GMing Oneshots a’la MustaJumala

On our guild’s forum, there was a request for less MtG-content. Well, not necessarily less, but more like balancing it with other content. So, here goes.

I like oneshots. Campaigns are always difficult. Back in the day, when we were able to do it, we’d mess it up by going too long. Now that we have very limited time as most members of the group have competing commitments, which are often understandably important. Therefore, one good oneshot is great.

Think about it this way: YOLO.

Yes, I hate that too. Its just a catchphrase often used to rationalize acts of random stupidity. But think about the context. I wouldn’t drive around drunk tweeting out ‘YOLO!’ as I get closer to death, but I would play a oneshot thinking ‘YOLO!’ as my character won’t survive the game either way. He or she either dies or gets “archived” in some stack of papers somewhere. Dying in a spectacular fashion is much more interesting than surviving (although, lately I’ve been surviving a lot).

So, how do I prepare, as the GM, for a oneshot.

1. Pick the starting point.

2. Pick a system.

3. Make a list of names, so you don’t have to improvise them.

That’s it. You don’t need anything else. Often you need to switch the first and the second point, depending on whether you want to use a system or you want to play a certain scenario.

Of course, I can delve into these a little further. I might be running a game today, so this work I’m doing here can act as my preparation for that possible session. We’ll see if I can give you a report on this tomorrow.

First, let’s pick a theme. With the Zimmerman case in the news right now, I’d like to run a game with jurors. Say, like 12 Angry Men. Ok, that’s enough.

Second, we’re picking a system. We played a demoscenario of Burning Wheel last week. That had a great system for arguments, called Duel of Wits. That would be great for this. Sadly, I don’t have that particular game and can’t get them right now, with only a few hours during a work day. Therefore, I’m falling back on my default: HeroQuest. Characters can be easily improvised and the system is very easy.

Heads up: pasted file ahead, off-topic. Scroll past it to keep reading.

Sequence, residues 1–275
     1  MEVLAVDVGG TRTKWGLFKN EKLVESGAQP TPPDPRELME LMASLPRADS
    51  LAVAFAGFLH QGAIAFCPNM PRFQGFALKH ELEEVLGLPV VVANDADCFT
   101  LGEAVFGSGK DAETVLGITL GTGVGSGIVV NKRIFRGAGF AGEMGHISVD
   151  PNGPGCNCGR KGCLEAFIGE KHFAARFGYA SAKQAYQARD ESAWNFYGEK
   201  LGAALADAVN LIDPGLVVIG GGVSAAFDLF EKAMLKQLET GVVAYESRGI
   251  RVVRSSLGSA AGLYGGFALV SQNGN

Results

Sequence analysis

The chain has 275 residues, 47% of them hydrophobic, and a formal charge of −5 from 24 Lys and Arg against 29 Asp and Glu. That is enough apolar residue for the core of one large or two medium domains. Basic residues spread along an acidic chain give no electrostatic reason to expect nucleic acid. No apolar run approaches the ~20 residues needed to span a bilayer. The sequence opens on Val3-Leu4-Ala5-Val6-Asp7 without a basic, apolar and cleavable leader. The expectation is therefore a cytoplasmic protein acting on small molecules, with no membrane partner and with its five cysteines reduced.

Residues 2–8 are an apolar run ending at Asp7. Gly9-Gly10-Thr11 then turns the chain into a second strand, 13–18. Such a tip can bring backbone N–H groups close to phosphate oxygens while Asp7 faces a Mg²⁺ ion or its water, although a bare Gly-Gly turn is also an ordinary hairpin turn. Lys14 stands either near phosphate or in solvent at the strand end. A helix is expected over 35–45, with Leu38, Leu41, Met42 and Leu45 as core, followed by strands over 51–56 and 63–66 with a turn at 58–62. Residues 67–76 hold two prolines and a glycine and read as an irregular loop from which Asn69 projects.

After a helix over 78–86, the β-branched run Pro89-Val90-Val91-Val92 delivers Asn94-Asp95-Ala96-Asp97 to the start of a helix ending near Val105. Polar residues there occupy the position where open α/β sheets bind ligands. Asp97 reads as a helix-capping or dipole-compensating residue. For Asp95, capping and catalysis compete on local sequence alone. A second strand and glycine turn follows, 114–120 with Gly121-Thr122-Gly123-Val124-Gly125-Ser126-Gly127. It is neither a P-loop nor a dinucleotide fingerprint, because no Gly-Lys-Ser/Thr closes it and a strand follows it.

The third point could differ based on games (as for example, when I ran Agon, I had a clear limit on my resources, so I had to do some planning beforehand), but generally the list of names works for me. In this case I just need a the rest of the jury. Therefore, I should have list of about 10 distinctive names, so if I need to put emphasis on them, they are not confusing. Good rule of thumb is to make a list of names with no two names starting with the same letter. First names only, because they have no reason to tell each other their last names.

Again, that’s it. no more work needed. So, I’m guessing many of you are thinking, “Aki”, if you happen to know my name, “what was the crime? Did he do it? Was all the needed evidence presented?” To which I say: At this point, I don’t care. I’ll ask the players about the crime. They’ll come up with evidence. I can have them come up with things you didn’t even think to ask like is this modern day, real world, and so forth.

There’s a good chance at least one of my players is reading this (if I get to GM), so I may have ruined the whole thing, but that remains to seen.

2 thoughts on “GMing Oneshots a’la MustaJumala

  1. Nobody read this and we played through it in an hour. And as players usually do we kind of messed it up.

    The crime, the wolrd and the attributes of our characters and the accused we created easily on the fly. Maybe Unfortunattely this meant that nobody had a clear idea what we were doing and players of the group were sort of pushed aside as they did not say much.

    From the easy point of “did this bastard son of a king commit this heinous crime in a medieval world wth a twist” we managed the brew a horrible tale of mistrust and agony. In the end all jury members were killed but a werewolf (that could not be burned), a baker who had made a deal with the Devil and my character a mason who was the actual culprit.

    It was a fun story but the game elements were there for no usable reason. As players wejust decided what we would be discussing and as it became clear that the conversation was going nowhere we just ended up killing jury members one by one “to prove they were innocent”.

  2. Pingback: Playing a Cybernetic Space Gorilla Scientist | Guild Blog

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